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DHL Global Forwarding USA is rapidly moving to increase the amount of medical, life sciences and pharmaceutical freight — especially temperature-controlled items — it is forwarding around the world.
Much of the cargo is being processed from DHL’s 430,000-square-foot facility at Chicago’s O’Hare International Airport that the company opened in 2015 and is in the process of expanding, with improved technology to track packages and specific truck-loading docks and equipment for temperature-sensitive packages.
“Yes, there are many freight forwarders, but in the life science area we have the facilities, the people which are trained, and so we have the competency to be able to handle those shipments, which improve lives,” David Goldberg, CEO of DHL Global Forwarding USA, told Transport Topics. “It’s not just an airfreight shipment from A to B, it’s a shipment which has a real purpose for people, so that’s something we want to continue to work on.”
DHL, UPS Inc., FedEx Corp. and others have been involved in this business line for many years. But experts say in the past several years the shipment of life science and temperature-controlled products has skyrocketed, and the economic growth likely will continue.
Goldberg discusses developments at DHL. (Dan Ronan/Transport Topics)
Grave View Research said the global biologistics market would reach $400 billion by 2025, with an annual 4% growth rate as targeted therapies, coupled with the rising adoption of patient-centric personalized medicine, is anticipated to fuel demand.
“The growth of pharmaceuticals, life sciences, medical devices, going and being shipped around the world, most of that is happening from the U.S. and Europe to other parts of the world, Satish Jindel, president of S.J. Consulting Group, told Transport Topics. “It is a growth area where the three global carriers are very well-positioned to leverage that and enhance the value proposition for their companies.”
The 2019 Biopharma Cold Chain Sourcebook says, “The biopharma industry is handing off more and more of the shipping and distribution process to third-party logistics providers, even as regulatory burdens become heavier. Electronic tracking of shipments, including near real-time reporting of location and condition, is becoming a desired option.”
A view of DHL's cold storage warehouse in Chicago. (Dan Ronan/Transport Topics)
Jindel says that is, in part, because the makers of these drugs and medical devices trust the larger shippers with their products and the likelihood of counterfeit products entering the supply chain is much lower, using an internationally known shipper.
“There is a tendency in some parts of the world for fake, or not genuine, drugs being sold in their name,” Jindel said. “Known customers would rather trust a company like UPS, DHL and FedEx than some company that is cutting corners.”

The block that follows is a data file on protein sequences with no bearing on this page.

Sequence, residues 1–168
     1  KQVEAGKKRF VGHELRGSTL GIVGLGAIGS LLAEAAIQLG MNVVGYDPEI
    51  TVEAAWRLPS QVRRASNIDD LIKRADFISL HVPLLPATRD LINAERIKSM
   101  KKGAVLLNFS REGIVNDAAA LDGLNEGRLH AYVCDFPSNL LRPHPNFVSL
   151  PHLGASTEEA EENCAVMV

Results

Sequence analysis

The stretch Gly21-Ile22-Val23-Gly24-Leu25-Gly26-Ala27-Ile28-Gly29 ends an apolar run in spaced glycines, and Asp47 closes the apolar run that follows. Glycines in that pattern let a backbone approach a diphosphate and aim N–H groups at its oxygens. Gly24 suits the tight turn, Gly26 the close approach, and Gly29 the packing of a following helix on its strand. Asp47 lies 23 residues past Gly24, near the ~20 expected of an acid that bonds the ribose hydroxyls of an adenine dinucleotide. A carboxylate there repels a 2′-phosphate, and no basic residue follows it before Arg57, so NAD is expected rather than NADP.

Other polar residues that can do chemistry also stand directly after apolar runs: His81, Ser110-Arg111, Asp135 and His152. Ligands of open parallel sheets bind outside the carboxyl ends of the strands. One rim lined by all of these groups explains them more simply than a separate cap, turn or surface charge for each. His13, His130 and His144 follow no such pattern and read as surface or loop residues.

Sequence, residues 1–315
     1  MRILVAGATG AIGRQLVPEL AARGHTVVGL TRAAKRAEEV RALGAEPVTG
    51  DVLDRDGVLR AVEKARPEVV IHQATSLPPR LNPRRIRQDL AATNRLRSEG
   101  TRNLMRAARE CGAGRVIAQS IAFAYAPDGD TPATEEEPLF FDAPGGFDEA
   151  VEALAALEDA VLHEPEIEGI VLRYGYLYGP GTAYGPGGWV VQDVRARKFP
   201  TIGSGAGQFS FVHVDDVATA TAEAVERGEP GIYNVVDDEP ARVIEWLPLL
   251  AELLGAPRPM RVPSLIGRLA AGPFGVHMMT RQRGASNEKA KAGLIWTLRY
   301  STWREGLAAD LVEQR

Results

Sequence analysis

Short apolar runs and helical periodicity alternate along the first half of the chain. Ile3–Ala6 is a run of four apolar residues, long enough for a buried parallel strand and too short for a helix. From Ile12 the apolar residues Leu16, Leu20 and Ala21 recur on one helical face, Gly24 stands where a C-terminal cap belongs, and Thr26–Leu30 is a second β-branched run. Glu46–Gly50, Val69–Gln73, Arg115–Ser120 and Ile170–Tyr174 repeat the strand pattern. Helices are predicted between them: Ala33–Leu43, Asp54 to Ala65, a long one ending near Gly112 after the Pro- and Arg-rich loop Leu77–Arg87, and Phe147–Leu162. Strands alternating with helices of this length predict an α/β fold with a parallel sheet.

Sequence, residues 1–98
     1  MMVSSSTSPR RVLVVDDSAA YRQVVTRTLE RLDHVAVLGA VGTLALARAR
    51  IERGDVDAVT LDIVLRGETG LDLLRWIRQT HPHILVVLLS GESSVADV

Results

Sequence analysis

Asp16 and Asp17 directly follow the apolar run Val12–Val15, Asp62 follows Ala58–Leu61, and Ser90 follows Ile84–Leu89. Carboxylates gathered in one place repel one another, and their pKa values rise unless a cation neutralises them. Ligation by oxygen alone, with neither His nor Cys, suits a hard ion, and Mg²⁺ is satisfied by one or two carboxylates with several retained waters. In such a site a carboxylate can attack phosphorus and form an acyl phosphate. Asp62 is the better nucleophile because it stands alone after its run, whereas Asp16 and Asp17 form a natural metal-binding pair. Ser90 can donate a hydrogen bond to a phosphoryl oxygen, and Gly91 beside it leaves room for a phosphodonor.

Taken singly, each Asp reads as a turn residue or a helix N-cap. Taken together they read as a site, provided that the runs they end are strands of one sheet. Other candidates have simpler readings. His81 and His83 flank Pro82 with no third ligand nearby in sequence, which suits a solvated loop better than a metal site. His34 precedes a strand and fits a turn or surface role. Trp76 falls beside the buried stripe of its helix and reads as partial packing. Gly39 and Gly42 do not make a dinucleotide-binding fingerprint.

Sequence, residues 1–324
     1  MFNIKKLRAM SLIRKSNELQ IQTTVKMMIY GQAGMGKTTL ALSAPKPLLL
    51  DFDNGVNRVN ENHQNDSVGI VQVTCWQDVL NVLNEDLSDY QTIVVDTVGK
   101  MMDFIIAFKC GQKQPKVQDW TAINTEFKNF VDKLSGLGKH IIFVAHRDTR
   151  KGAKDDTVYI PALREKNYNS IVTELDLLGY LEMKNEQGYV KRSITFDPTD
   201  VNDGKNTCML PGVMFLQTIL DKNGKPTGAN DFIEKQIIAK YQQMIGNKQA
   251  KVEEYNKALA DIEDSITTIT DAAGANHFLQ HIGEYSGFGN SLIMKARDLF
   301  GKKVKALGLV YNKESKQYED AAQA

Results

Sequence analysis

A key piece in DHL’s effort to track packages is a radio-frequency identification (RFID) passive and active system installed in the Chicago warehouse, which is the largest stand-alone airfreight facility in the international DHL Global Forwarding network. With the new devices, a package can be tracked without manual scanning from the time it arrives in the facility to the moment it departs. DHL said it is the first shipping company to implement this technology, which is used at airports by the airlines and the Transportation Security Administration.
“Few freight forwarders have this type of technology in place,” said Chris Gonsowski, Chicago DHL station manager. “The RFID passive-and-active technology will help us eliminate manual processes, reduce costs and time in our warehouse, and respond more quickly to any exceptions in the transport process.”
With 65 loading docks, the DHL Chicago facility also has direct truck access to the airport’s ramp and Customs and Border Patrol and TSA agents, along with K9 dogs, who are working in the building to inspect and clear cargo.
DHL sensors at the Chicago warehouse. (Dan Ronan/Transport Topics)
Additionally, the Newark, N.J., company is introducing an alternative temperature-management import and export system in Chicago for its life science and health care customers that it said will reduce demurrage costs. Also, its new DHL SmartSensors will ensure temperature-sensitive shipments are monitored throughout the transportation process.
DHL’s expansion increases the competition with Atlanta-based UPS and Memphis, Tenn.-based FedEx. Both companies have made their health care and life sciences supply chain a core business division. In 2015, UPS announced it was expanding its Current Good Manufacturing Practice stocking locations to support implantable medical device deliveries so that 80% of hospitals could be serviced within four hours.
Deutsche Post DHL Group, parent company of DHL Global Forwarding USA, ranks No. 6 on the Transport Topics list of the Top 50 global freight companies. FedEx Logistics and UPS Inc. rank No. 1 and No. 2, respectively.